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Jennifer Nilsson artwork

Jennifer Nilsson

Jennifer Nilsson is a self-taught artist from Central Pennsylvania. Before becoming an artist, she worked a few jobs including a preschool teacher, nanny, and cake decorator. All her previous jobs, which involve children and creating, is in the art she designs today. Jennifer lived in a small town that was right next door to Jersey Shore, Pennsylvania. In 2014, Jennifer and her husband moved to an old 1800's farm located on 12 acres of land in Mill Hall, Pennsylvania. She believes the places that she lived had an effect on her art. In the next ten years, Jennifer sees herself still creating art that brings joy to other people's lives.

Does the place you live have an effect on your art?

Yes, very much so! When we lived in Avis, my life was pretty quite and I had a dedicated work schedule I could stick to, but along with the new property came MANY new projects that needed our attention - from a chicken coop that needed rebuilt, to raising our first flock of chickens - which are only 2 weeks old, planning out and leveling ground for a large garden, tapping Maple trees for syrup - the new farm chores are endless and I had to do a lot of tweaking to get back into a schedule that my artwork fits comfortably into. I also lost a dedicated workspace with the move and now share my creating place with those sweet baby chicks, but I don't mind at all! I find they and the beautiful new property and resources found here are inspiring all kinds of fun new pieces!

What is your biggest inspiration for art?

I come from a very creative family - my Grandmother was an artisan who created her own patterns for weaving, knitting, and doll making. Many Summers were spent watching her work her craft as well as connect with customers in her small shop in Eagles Mere, PA. My Father is also a skilled craftsman and artist who would often create from found materials or paint on re-purposed supports. Between the two of them, I was never without a wonderful selection of art supplies and willing teachers to guide me along a creative path. I think they have been my biggest inspirations.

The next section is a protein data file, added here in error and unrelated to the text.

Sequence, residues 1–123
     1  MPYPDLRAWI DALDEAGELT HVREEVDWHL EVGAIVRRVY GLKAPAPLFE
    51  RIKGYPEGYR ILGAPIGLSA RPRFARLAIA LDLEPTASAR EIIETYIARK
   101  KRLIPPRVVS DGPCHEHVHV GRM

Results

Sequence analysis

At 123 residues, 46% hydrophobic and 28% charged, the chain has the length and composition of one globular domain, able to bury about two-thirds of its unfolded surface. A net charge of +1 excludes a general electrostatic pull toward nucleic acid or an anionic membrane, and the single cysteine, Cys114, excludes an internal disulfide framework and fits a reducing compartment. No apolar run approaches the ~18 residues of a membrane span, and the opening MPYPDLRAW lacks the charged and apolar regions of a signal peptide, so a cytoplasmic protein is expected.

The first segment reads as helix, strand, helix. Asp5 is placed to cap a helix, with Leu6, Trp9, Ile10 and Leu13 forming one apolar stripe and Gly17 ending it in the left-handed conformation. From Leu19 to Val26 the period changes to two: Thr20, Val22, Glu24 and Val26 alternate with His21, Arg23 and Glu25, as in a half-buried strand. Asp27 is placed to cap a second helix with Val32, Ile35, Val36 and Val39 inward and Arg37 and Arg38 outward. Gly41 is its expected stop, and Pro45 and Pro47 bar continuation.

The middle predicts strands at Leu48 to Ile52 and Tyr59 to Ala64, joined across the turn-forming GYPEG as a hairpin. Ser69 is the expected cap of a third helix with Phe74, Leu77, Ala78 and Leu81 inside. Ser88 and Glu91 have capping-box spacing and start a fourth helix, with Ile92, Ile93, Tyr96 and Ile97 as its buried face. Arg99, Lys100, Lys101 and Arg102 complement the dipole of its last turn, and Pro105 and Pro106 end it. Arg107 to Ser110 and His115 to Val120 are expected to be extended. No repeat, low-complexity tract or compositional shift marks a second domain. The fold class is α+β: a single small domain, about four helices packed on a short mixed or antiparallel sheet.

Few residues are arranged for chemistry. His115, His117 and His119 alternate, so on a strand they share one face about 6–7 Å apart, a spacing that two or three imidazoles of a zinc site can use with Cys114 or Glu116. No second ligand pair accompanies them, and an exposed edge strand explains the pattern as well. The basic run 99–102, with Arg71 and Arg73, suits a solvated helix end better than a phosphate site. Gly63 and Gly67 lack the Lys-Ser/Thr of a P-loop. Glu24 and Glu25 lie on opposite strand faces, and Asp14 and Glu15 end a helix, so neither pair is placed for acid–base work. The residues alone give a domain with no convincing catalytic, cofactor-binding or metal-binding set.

How did you get a career as an artist?

It started way back in the 5th grade when I sold quick sketches of Garfield and Odie for 50cents each to my classmates...I knew right then and there that someday I'd be an artist! But my real break didn't come until 2006. I was working as a Preschool teacher during the morning weekday hours and would sketch out or paint small pieces to sell on eBay for a little extra hobby income.' To my surprise these little pieces took off and I quickly gained a following. My small simple pieces grew in size and detail along with my confidence and I began to truly develop a style which felt like "me." A few small companies took notice and began to ask for images to license and for a time I worked with them as a self-representing artist before making the decision to submit my art to agencies for representation. I am currently represented by Art Licensing Intl and have enjoyed every minute of working with them.

Is there a style of art you are interested in trying?

I truly enjoy the style I currently create in, pieces that are filled with color and whimsy. I would however love to develop a bit more depth to my images by adding more contrasting patterns and layered borders and maybe working a bit more "story" or quirkiness into my pieces. There is always something new to learn and that is part of this wonderful journey as an artist!

How do you know when a piece you're working on is done?

Sometimes I have to walk away and come back over and over again before I am totally happy and feel a piece is finished, sometimes it's right away that I feel it is done. Each piece is unique and I never know when it's done until it tells me it is ;)

Where do you look for inspiration?

I find inspiration in pretty much anything and everything around me. Sometimes I see a color that inspires me, sometimes I'm inspired by a word or song. Sometimes I find inspiration in nature, or people, or places. Or it can simply come from my imagination.

What is your biggest advice for aspiring and uprising artists?

The best advice that I can give is to work on developing a style that is unique to YOU. Try every medium you can until you find the ones that feels like a great fit (for me it's watercolor and colored pencil) but don't be afraid to try something new. Practice, practice, practice, and when you think you've learned all you can, learn and practice some more. Never stop creating and don't take rejection or negativity as a final definition of your art. Use it as constructive criticism and decide to either grow from it or move away from it - either way, keep moving forward. If your dream is to work as an artist, you need to WORK as an artist. Set the best schedule you can for your situation and no matter what comes up - WORK YOUR ART. Be patient - success doesn't come overnight. Keep learning, keep growing, and keep creating. For every artist out there, there is a client looking for the type of art that only YOU can create.
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